On March 12, Nihon Yoron Chosakai released the findings of its nationwide mail-in survey on the Upper House election this summer. A full 71% of respondents said they are either “dissatisfied” or “generally dissatisfied” with Japanese politics today. Some 56% said that they would like to see the ruling and opposition parties evenly matched in the Upper House after the summer election. Asked what they see as the focus issue in the Upper House election (up to three answers permitted), 54% said “economic measures,” making this the most frequently given response.
A full 69% of respondents said they “don’t think the current political parties are meeting the people’s needs.” The poll revealed the people’s strong dissatisfaction and distrust of politics and political parties today. Asked what government framework would be desirable given the current situation where the Liberal Democratic Party holds a majority in the Lower House, 27% said “a government that has a new framework created through the reorganization of the political world.” Some 23% said “an administration where Nippon Ishin (Japan Innovation Party) is added to the LDP-Komeito coalition.”
Some 34% said they would like to see the “ruling parties continue to hold the majority of seats” in the Upper House after the election, while 7% said they would like to see “the opposition parties hold the majority of seats.” Some 45% of respondents said they are “unsure” whether the Constitutional Democratic Party of Japan (CDPJ) and the Japanese Communist Party should engage in electoral cooperation in the summer election. Meanwhile, 30% said the parties “should not cooperate” and 23% said they “should cooperate.”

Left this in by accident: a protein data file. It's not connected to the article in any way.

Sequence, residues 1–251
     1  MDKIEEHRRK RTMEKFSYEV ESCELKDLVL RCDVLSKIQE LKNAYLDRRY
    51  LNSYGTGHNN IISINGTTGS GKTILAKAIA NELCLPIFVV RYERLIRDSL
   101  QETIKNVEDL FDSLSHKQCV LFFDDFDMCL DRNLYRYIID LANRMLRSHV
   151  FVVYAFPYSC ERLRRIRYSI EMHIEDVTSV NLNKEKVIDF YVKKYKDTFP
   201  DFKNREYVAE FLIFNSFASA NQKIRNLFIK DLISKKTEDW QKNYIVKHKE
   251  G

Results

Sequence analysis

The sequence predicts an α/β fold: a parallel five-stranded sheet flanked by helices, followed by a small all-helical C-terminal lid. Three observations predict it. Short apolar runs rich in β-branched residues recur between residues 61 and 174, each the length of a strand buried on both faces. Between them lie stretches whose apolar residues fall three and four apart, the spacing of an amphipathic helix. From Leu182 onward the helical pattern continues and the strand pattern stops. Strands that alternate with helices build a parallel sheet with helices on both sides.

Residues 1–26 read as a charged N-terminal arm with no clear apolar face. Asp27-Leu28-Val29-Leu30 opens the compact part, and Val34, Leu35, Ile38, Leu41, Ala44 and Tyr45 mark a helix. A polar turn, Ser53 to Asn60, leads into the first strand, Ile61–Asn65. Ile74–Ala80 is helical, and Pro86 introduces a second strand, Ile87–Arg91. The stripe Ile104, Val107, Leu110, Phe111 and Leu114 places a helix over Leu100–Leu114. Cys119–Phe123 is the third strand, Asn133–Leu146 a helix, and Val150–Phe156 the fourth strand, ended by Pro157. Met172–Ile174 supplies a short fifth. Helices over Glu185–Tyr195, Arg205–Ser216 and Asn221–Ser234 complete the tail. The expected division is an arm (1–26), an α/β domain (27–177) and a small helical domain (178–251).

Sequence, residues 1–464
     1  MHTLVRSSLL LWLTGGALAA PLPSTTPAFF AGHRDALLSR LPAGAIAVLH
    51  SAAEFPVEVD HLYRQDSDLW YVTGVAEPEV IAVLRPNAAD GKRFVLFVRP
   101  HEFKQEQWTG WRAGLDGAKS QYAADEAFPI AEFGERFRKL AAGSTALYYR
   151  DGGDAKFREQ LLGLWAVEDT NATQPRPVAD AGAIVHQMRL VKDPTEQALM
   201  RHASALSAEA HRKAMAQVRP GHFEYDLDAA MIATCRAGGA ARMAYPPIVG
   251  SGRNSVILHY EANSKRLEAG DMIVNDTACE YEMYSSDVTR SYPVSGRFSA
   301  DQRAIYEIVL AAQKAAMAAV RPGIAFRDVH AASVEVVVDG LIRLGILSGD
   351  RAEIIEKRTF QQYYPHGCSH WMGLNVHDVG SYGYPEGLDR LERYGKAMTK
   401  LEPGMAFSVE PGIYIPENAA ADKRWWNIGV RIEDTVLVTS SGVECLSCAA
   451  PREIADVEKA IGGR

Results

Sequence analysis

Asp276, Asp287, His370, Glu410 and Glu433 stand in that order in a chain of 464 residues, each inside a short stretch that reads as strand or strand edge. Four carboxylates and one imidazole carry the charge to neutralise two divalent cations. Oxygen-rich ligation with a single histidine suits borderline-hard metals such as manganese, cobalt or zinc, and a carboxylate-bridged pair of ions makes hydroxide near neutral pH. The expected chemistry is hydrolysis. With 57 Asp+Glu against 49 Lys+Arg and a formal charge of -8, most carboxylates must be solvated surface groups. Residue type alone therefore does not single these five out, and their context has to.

Some 42% of respondents said the focal issue of the Upper House election is “social security, including pensions and healthcare” while 41% said it is “COVID prevention measures.” Only 8% said the focus of the upcoming election is “constitutional amendment.” (Details on constitutional amendment have been omitted.)
[Polling methodology: A total of 3,000 men and women aged 18 or over were randomly selected nationwide from 250 locations on a stratified two-stage random-sampling basis to create a cross-section of Japan’s slightly more than 100 million voters. On Jan. 19, 2022, questionnaires were sent out by postal mail, and 1,902 completed questionnaires had been returned as of Jan. 28. Valid responses were received from 1,841 people, excluding questionnaires completed improperly or by persons other than the intended voter. The valid response rate was 61.4%. The makeup of the polling sample was as follows: male, 49.8%; female, 50.2%. Sections of Fukushima Prefecture heavily impacted by the 2011 Great East Japan Earthquake were excluded from the survey pool.
Nihon Yoron Chosakai is a nationwide public opinion polling entity managed by Kyodo News and comprising 38 of its subscribers including Tokyo Shimbun.]